Take this statement, for example: “Defining a new syndrome is likely to increase strength of illness identity, which has been associated with poorer quality of life.” (For those keeping track of these things, the reference for this sentence is a Moss-Morris paper about chronic fatigue syndrome.) The implication is that adopting such an illness identity and joining support groups, for example, will somehow lead patients to report poorer quality of life. But it should be expected that patients with worse symptoms, and therefore likely a poorer quality of life, would be more inclined to adopt a stronger illness identity and join patient support groups in the first place than those with milder symptoms.

In any event, studies of people who already have illnesses and therefore have actual lived experiences on which to base expectations about the future is one thing. This is a study in which participants are being asked to imagine they have an illness and then to characterize symptoms they haven’t. experienced based on information they’ve been given. It’s like fantasy sports.  (To be fair, the researchers mention the hypothetical aspect as a key limitation.)

Most people, but not all, recover fully from viral illnesses, even if it can take a while. Hopefully, in the end, most people experiencing prolonged symptoms after Covid-19 will find that with time they get better. But so far, many of these patients remain seriously disabled and have not experienced “recovery.” Moreover, their doctors cannot reliably assure them they will fully recover, and if so when it will happen.

Long Covid, post-acute sequelae of SARS-CoV-2, and the other current names are generally descriptive. In contrast, “ongoing COVID-19 recovery” feels like a propaganda ploy to convince patients that we know more than we do about their prognosis. In the real world, if not in papers based wholly on hypotheticals, most people want to recover, whether or not their condition is called ” ongoing COVID-19 recovery” or “Long COVID.”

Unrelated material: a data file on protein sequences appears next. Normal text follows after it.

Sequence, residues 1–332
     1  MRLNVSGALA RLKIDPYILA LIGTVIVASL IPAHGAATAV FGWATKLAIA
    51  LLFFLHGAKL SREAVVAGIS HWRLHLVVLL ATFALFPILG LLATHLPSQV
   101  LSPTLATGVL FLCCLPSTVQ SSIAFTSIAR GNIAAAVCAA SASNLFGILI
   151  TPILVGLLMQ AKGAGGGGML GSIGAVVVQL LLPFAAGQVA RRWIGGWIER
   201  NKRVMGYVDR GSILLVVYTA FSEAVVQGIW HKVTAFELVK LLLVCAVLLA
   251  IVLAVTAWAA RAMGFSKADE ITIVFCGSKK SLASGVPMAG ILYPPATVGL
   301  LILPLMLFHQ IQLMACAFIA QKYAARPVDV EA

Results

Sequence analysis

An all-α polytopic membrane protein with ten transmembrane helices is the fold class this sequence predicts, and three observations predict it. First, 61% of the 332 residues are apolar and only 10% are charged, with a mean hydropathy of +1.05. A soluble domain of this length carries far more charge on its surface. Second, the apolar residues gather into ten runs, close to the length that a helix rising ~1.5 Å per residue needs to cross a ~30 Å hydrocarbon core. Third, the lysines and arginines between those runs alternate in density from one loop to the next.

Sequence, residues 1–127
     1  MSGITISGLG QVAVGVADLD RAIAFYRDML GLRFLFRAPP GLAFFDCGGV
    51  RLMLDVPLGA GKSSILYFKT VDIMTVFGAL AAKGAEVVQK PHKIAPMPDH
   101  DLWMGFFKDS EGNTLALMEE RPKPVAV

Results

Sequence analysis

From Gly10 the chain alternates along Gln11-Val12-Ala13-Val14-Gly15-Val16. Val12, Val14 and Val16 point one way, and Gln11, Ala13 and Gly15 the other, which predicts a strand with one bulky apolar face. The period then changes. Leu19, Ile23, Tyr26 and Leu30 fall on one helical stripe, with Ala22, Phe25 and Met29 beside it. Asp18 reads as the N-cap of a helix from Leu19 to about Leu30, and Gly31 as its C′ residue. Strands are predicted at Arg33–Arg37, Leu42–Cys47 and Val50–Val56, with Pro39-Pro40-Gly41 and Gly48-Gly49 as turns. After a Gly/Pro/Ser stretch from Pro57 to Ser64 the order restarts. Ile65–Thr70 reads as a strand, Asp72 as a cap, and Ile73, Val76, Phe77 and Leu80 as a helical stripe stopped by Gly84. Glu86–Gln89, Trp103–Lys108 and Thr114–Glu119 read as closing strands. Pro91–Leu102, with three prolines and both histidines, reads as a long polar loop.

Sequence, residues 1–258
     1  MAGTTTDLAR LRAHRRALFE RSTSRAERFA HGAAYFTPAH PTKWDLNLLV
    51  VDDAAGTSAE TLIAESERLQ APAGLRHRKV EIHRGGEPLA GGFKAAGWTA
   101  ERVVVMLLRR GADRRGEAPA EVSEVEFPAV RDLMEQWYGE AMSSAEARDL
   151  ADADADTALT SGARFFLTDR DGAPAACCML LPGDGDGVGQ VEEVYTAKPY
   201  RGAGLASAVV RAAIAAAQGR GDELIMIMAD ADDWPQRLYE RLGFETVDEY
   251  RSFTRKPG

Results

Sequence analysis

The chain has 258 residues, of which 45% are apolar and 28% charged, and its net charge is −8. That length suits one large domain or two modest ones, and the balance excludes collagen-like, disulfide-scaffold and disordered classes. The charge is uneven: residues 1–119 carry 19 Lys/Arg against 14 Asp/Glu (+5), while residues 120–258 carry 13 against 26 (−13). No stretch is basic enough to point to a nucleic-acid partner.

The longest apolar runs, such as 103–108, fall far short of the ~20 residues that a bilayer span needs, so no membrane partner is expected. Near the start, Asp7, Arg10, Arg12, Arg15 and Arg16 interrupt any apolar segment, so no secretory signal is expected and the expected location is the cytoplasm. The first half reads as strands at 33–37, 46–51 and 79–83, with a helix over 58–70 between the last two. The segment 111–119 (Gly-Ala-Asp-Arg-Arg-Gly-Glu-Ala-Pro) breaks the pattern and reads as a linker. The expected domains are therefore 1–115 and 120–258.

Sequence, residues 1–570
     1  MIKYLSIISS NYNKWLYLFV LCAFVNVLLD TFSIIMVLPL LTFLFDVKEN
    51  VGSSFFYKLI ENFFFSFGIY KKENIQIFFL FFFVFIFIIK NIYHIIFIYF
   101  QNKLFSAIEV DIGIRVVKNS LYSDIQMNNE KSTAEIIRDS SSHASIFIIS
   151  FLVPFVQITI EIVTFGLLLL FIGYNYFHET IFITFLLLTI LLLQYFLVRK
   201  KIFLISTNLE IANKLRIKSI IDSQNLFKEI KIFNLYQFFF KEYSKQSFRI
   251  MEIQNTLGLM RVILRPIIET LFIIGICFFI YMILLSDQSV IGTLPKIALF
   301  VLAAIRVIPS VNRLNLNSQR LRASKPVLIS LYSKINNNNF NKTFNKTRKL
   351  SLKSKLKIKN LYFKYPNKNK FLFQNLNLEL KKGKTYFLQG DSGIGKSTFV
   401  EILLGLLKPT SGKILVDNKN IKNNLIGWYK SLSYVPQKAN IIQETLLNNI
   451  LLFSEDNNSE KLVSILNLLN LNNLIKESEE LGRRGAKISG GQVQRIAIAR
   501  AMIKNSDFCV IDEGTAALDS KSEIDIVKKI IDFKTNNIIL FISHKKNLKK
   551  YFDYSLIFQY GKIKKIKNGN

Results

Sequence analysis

As for emphasizing or not emphasizing uncertainty–What does that even mean? The long-term outlooks for those who remain plagued by symptoms is unknown. Treatment approaches are hit-and-miss. Unfortunately for patients, doctors, and everyone involved, there is still a huge amount of uncertainty. This is an indisputable fact regarding the current state of medical knowledge.

What is the alternative to presenting patients with the truth about the many things we don’t know about the situation? How, in this context, do you “not emphasize” uncertainty about symptoms? What “certainty” would these researchers like to present to patients instead?





10 responses to “Does “Long Covid” Need Rebranding As “Ongoing Covid-19 Recovery”?”

  1. CT Avatar

    It sounds to me like these researchers are either in the hyper-optimistic/fantasy-land “covid is just a cold” camp or they lack imagination and simply can’t conceive that a serious illness could have serious health repercussions. Perhaps they earnestly believe that what doesn’t kill us makes us stronger? It would be nice to know which of these, if any, explains this nonsense.

    David writes:
    “In the real world, if not in papers based wholly on hypotheticals, most people want to recover, whether or not their condition is called “ongoing COVID-19 recovery” or “Long COVID.”

    But I doubt that they appreciate that most people want to recover. I strongly suspect that they inhabit an ‘us and them’ unreal world where they think that they are the enlightened positive thinkers with the right attitude and the rest of the world is made up of whining negativists who are quite happy to play the victim and milk it for all it’s worth.

    There’s a word for people like that, but it escapes me right now.

  2. lucie webb Avatar
    lucie webb

    No, no mate, can’t use “ongoing COVID-19 recovery” it doesn’t fit on the page. Doesn’t the gut tell the brain what to do?

  3. CT Avatar

    “from researchers at the UK’s Health Security Agency”

    This approach is hardly securing the health of the (UK) nation, is it? Without any meaningful biomedical treatments, the chronically sick are currently being left to get sicker and sicker and, unsurprisingly, they lose their ability to function and work. Often, their mental health will take a dive too. Instead of there being any attempt to improve the situation or prevent their conditions from worsening, they’re abandoned by the NHS and told to think positively. “Just find a corner of your house where you can sit and be mindful”, that sort of thing. All the previous investment in their education, training and wellbeing goes to waste. And from what I see, it is an appalling level of waste. Apart from being morally bereft, it makes absolutely no economic sense.